earnings

Surprise! Your Earnings Suck. Now What?

Having to announce disappointing earnings to investors is a unique challenge. No one likes to be the bearer of bad news, but bad quarters happen to all companies. That said, Wall Street doesn’t like surprises (positive or negative, but especially negative).

Surprises damage corporate credibility and can have long-lasting effects beyond just a challenging quarter or two. So it’s crucial to find the right strategy for dealing with these types of surprises.

Maybe the quarterly earnings looked decent until an auditor discovered a previously overlooked error in revenue reporting. Or maybe raw materials costs suddenly spiked. Or perhaps that big anticipated contract evaporated. Whatever the reason, as you see the numbers coming in and it dawns on you that your earnings suck, you may be tempted to run and hide.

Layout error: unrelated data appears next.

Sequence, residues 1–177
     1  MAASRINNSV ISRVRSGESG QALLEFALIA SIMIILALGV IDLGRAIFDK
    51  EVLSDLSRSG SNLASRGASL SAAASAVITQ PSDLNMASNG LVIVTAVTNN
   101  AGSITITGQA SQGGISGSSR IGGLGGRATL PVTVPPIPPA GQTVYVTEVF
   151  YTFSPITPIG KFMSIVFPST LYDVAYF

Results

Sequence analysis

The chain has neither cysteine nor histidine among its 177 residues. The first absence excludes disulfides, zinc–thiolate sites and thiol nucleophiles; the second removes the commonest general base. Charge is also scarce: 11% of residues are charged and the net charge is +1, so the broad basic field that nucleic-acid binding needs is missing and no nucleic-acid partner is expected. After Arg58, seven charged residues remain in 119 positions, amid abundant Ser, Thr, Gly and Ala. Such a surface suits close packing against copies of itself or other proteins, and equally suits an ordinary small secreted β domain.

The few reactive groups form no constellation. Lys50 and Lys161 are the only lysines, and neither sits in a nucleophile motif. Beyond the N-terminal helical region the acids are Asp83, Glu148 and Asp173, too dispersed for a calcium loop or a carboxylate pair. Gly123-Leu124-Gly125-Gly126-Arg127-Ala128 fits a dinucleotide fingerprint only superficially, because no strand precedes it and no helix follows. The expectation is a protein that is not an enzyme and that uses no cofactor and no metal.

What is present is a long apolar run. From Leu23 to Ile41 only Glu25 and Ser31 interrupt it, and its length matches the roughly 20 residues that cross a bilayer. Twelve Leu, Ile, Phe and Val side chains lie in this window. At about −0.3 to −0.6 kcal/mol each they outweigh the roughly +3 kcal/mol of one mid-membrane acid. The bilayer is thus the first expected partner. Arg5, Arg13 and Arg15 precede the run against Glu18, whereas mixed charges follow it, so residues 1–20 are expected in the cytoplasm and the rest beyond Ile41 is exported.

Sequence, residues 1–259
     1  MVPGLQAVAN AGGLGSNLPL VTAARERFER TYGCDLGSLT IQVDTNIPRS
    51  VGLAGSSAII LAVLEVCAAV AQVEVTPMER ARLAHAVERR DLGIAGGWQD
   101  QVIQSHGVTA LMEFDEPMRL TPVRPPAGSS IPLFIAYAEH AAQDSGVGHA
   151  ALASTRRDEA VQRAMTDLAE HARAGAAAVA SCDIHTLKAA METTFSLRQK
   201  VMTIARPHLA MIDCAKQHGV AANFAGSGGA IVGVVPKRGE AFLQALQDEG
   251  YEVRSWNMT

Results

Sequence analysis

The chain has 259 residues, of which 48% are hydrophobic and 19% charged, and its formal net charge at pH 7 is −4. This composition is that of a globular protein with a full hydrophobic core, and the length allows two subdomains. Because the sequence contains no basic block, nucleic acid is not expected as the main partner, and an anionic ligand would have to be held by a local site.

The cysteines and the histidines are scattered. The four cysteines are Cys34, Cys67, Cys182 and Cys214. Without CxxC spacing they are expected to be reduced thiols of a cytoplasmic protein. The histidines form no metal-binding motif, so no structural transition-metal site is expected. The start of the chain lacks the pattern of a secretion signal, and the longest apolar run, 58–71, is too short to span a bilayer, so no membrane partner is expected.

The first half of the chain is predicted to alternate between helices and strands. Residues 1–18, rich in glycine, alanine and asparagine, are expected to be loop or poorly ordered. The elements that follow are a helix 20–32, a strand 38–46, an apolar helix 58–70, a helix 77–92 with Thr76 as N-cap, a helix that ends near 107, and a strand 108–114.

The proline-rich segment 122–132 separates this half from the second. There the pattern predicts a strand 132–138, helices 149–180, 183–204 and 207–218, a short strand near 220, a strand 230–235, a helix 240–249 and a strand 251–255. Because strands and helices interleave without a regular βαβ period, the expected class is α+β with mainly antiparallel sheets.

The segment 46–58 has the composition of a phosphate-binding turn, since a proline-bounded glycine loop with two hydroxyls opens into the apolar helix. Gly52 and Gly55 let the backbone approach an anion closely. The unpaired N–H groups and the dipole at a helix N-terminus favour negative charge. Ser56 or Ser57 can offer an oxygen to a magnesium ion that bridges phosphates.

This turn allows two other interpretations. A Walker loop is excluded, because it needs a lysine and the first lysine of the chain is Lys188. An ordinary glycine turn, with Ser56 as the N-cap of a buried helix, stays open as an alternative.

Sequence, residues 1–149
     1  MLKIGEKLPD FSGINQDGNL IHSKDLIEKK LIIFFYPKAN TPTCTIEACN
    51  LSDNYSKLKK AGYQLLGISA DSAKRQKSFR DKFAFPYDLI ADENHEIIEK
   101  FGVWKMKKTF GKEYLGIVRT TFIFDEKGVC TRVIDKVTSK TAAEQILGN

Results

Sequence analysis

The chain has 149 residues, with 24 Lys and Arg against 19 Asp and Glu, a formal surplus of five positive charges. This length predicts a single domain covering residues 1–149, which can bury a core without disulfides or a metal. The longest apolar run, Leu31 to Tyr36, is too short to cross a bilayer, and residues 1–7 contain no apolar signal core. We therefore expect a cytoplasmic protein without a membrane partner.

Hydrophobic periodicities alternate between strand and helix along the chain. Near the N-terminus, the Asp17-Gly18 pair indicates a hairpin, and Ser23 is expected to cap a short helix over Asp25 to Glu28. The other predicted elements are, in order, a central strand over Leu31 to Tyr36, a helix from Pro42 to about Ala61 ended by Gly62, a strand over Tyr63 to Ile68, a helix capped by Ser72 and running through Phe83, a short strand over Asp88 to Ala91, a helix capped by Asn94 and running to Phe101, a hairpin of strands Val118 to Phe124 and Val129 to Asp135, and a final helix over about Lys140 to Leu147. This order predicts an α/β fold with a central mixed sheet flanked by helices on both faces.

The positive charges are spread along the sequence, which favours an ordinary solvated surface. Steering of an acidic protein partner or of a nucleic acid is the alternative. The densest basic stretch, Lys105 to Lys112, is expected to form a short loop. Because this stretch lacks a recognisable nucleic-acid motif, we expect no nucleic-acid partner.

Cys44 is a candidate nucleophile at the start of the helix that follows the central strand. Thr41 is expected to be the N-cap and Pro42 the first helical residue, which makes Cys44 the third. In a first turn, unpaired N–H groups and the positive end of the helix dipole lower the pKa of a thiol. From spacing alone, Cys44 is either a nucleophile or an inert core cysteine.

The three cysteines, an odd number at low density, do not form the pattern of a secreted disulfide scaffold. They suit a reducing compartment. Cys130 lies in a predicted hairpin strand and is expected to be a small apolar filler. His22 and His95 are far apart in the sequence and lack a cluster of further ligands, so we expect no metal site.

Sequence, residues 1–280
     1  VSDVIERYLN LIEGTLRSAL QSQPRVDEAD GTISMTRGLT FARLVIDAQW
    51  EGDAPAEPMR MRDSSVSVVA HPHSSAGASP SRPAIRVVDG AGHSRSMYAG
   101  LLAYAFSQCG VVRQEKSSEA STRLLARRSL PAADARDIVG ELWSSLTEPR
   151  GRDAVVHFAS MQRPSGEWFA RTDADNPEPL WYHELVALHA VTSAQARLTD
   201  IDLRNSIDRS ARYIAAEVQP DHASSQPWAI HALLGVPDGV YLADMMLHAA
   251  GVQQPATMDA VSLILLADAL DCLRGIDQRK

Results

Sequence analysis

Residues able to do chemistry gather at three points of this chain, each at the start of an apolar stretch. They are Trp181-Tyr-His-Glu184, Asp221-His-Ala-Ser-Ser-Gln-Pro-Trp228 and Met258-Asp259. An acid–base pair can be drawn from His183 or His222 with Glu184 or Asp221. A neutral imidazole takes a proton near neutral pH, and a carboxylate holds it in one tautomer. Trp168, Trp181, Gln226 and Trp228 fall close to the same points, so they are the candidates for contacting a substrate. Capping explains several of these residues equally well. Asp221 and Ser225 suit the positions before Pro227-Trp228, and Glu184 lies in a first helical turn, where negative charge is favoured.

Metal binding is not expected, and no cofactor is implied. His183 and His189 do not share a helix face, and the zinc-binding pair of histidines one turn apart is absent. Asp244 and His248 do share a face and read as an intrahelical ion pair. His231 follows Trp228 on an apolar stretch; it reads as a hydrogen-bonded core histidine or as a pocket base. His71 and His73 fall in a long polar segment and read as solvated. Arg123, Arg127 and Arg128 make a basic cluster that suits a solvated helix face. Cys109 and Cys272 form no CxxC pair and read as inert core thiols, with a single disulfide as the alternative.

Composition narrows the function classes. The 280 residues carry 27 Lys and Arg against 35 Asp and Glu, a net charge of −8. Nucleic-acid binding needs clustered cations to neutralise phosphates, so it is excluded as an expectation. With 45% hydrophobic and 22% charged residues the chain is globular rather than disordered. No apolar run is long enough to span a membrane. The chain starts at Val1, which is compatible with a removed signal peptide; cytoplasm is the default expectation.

There is a better solution though. I promise!

First, don’t forget about situational awareness.

You might recall that I’m a big believer in situational awareness. No, it’s not a magic wand you can wave to turn lead into gold. Still, reporting quarterly earnings in the context of your company, your competitors, and the market is important. If nothing else, it shows analysts, traders, and investors that you have your eye on the right metrics.

Also, if a market shift due to a materials shortage, for example, affected your competitors’  earnings as much as your own earnings, that is relevant information to note during an earnings call with investors.